Department of State Lands Records Guide

History - 1900-1959

Separate legislation created the A.R. Burbank Trust Fund for the use and benefit of orphan homes in Salem and Portland (OL 1907, Ch. 39). The act named as trustees the Governor, Secretary of State, and State Treasurer. The fund operates on principles similar to the Common School Fund and is still administered by the State Land Board. Money is loaned from the estate for real property purchases and the interest the loans accumulate is paid out to children’s organizations. Currently, the Boys and Girls Club and the Waverly Children’s Home in Portland receive annual interest earnings from the fund.

The board lost control of reclamation contracts and settlement on desert lands when the Desert Land Board was created (OL 1909, Ch. 226). However, the Legislative Assembly authorized the board in 1913 to enter into contracts for the drainage; reclamation; and sale of swamplands, marshes and lake lands. Funds derived from the activity would be deposited into the Common School Fund after state expenses (OL 1913, Ch. 11). That same year, the office of the State Land Agent was abolished and its duties transferred to the Clerk of the Land Board (OL 1913, Ch. 15).

In 1916, Oregonians approved a constitutional amendment that sanctioned the new name of the board and created Article XI-A of the Constitution. This amendment permitted the State Land Board to make loans to farmers from funds gathered from the issuance and sale of bonds. The Legislative Assembly established the Rural Credits Loan Fund a year later from the proceeds (OL 1917, Ch. 398).

The board’s early leasing programs emphasized the most important assets of Oregon’s economy: mining, timber and agriculture. In 1917, it expanded this initiative with the implementation of kelp and seaweed leases on offshore beds (OL 1917, Ch. 276). Three years later the Special Session of the Legislative Assembly authorized the leasing of the beds of navigable streams and waters for the removal and sale of sand, gravel and rock (OL 1920, Ch. 32). Consequently, the value of these resources was immediately acknowledged and the Legislative Assembly enacted a law that secured the lakebeds of all meandered lakes as state property. This act would no longer allow any person, firm or corporation the opportunity to acquire rights, titles or interests of state waters. Additionally, the State Land Board was to acquire and secure any and all riparian rights of these waters for the benefit of the state (OL 1921, Ch. 280).

The 1921 Legislative Assembly passed a law making the State Land Board the custodian of all notes, bonds, and other securities covering loans made from the various trust funds it administered (OL 1921, Ch. 57). In 1925, the J.T. Apperson fund was placed under the control of the board which left money to the state for deserving students at the Agricultural College (OL 1925, Ch. 20). Loans made from the J.T. Apperson Agricultural College Education Fund are still issued today under the terms of the will by the OSU Financial Aid Office.

In 1925, the board’s office staff consisted of the clerk, an assistant clerk, a special field inspector, and stenographers. The board was represented in each Oregon county by an attorney paid on a fee basis. The attorney examined abstracts of titles, transmitted applications for loans and assisted in collecting and foreclosing mortgages. By 1937, they were joined in the field by land agents whose duty was to sell and lease state lands within their territory and collect rent on state property.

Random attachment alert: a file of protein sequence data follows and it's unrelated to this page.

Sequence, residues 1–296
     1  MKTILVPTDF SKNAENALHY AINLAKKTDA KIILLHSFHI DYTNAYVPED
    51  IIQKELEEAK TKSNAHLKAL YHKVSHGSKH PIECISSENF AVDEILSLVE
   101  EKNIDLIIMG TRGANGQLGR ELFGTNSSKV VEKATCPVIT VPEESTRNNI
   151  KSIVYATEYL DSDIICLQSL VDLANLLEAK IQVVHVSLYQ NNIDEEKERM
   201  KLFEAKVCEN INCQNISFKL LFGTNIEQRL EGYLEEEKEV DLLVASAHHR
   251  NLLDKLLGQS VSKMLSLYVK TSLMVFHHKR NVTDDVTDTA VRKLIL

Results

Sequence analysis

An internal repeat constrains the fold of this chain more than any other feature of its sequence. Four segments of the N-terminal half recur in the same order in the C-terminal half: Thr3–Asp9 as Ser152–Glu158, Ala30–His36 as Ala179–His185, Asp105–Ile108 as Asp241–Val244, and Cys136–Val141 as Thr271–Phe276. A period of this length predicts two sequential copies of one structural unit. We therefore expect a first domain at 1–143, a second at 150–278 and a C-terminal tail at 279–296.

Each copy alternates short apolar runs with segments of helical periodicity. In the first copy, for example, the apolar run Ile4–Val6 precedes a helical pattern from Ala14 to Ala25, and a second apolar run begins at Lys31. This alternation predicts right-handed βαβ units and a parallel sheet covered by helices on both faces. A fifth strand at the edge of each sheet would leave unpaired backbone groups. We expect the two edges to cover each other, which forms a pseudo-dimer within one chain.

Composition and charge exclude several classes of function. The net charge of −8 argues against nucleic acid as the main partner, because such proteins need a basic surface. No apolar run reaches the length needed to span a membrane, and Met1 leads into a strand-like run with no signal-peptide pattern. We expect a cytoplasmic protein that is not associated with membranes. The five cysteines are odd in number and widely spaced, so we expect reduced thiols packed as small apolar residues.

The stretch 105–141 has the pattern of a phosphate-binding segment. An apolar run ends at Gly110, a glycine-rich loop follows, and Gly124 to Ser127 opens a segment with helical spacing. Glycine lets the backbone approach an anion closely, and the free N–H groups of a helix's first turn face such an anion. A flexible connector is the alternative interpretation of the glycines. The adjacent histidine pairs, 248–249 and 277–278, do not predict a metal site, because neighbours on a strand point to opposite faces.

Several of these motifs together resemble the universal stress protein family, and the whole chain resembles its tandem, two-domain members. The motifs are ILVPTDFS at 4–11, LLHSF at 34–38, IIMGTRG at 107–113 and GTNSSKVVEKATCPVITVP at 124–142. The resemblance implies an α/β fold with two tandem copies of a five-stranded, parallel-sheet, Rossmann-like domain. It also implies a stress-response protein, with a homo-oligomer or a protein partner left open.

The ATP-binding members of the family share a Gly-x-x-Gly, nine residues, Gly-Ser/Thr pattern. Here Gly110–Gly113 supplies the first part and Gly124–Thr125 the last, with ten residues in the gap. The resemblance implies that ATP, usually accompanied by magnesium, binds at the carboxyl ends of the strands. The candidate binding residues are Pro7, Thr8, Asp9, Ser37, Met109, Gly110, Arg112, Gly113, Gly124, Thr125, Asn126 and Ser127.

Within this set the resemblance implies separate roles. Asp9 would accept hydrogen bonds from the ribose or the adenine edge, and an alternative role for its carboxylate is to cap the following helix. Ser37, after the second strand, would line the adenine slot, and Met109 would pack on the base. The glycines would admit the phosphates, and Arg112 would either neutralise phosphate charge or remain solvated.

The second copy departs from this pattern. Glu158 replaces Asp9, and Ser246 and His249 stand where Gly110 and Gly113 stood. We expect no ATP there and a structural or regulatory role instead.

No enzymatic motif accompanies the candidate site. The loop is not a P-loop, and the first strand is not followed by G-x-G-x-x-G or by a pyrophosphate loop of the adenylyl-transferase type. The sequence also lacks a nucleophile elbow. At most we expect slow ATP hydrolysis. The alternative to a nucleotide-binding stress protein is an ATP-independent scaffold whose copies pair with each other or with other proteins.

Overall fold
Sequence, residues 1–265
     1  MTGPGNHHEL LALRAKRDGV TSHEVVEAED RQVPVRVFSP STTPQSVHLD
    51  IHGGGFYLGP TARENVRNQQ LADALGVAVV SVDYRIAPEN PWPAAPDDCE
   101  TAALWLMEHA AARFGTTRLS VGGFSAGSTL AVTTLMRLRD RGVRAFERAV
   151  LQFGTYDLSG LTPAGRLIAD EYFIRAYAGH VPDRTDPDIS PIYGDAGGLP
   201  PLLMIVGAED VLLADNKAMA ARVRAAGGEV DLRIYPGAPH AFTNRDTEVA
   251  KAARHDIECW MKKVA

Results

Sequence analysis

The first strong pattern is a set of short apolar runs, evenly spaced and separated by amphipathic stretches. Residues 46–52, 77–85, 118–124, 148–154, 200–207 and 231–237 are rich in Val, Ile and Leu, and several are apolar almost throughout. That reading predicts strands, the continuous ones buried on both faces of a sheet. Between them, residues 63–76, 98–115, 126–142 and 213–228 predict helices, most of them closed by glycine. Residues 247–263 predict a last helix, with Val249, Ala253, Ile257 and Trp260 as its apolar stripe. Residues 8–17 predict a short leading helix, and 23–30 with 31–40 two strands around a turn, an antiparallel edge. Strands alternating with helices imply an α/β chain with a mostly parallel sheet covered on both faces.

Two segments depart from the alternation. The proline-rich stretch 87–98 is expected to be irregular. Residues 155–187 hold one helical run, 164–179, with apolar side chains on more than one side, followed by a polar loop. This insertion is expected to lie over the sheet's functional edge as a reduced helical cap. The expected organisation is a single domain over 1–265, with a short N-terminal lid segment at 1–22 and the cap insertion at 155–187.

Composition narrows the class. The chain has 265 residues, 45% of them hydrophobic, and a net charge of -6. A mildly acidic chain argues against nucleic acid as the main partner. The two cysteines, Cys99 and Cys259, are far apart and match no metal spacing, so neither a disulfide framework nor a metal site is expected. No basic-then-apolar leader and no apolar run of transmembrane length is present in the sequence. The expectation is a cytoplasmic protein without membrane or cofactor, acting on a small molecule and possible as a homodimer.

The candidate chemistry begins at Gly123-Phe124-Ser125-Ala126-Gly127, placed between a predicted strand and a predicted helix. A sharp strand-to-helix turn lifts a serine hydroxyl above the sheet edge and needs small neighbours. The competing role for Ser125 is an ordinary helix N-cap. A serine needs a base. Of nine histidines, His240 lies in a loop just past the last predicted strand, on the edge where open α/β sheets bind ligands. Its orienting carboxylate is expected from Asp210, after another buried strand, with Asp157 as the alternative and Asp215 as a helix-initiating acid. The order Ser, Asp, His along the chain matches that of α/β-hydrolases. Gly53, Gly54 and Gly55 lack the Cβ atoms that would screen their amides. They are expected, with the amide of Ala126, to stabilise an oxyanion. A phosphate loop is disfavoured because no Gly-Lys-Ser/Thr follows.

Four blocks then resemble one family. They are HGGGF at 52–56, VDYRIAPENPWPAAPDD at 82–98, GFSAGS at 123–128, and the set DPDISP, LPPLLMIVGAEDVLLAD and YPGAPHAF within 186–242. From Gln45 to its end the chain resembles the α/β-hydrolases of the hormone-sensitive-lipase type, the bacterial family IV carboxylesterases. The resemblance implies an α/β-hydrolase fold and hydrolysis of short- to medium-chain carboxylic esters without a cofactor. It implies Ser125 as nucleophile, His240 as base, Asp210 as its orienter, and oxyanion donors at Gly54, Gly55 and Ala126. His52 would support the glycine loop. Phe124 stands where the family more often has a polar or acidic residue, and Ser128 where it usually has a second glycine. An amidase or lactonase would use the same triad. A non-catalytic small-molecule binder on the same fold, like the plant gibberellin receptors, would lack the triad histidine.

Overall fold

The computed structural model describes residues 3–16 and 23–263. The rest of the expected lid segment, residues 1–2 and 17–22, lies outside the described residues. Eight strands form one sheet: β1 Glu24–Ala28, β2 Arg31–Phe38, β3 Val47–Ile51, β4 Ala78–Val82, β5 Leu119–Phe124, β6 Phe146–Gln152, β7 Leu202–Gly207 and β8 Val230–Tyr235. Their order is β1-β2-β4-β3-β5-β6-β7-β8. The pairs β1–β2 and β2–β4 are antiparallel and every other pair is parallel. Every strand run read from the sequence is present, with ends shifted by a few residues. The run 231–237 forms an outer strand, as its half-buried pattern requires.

During the 1930s and early 1940s, the Legislative Assembly continued to revise procedures concerning lending and investing procedures for the various funds. The next major change in the board’s duties came by way of a constitutional revision in 1942. That year Oregon voters repealed Article XI-A, and all of the remaining assets of the Rural Credits Loan Fund were transferred into the Common School Fund. The next year the Legislative Assembly voted to abolish the World War Veterans’ State Aid Commission and transferred its duties to the State Land Board. This action also created the Veterans Welfare Department of the board to administer outstanding loans and mortgages that were issued by the defunct commission (OL 1943, Ch. 175).
The conclusion of World War II created a need for a revolving loan fund for returning war veterans. Therefore, the Legislative Assembly authorized the Director of Veterans Affairs to offer loans for homes and farms. The State Land Board was tasked with appraising the land and certifying the amount of money that could be offered. The board was also tasked with selling property that was lost due to foreclosure. Sale proceeds went to the State Treasurer for the Oregon War Veterans Fund (OL 1945, Ch. 403). Two years later a law was created that terminated the board’s involvement with veterans’ loans (OL 1947, Ch. 532).

Several changes occurred in the board’s responsibilities during the 1950s. In 1952, Oregonians repealed Article XI-C of the state Constitution abolishing the World War Veterans State Aid Sinking Fund. Assets from the fund were transferred into the Common School Fund. A year later, the board received the assets of the Oregon Rural Rehabilitation Corporation from the U.S. Department of Agriculture. The money was used for rural rehabilitation projects. Moreover, in 1959, the Legislative Assembly created the Property Foreclosure Revolving Fund as a means of protecting liens against property held by state agencies (OL 1959, Ch. 499). The State Land Board was authorized to purchase and sell these properties to cover debts, taxes or duties owed to the state.

Delta On to historical narrative, 1960-present

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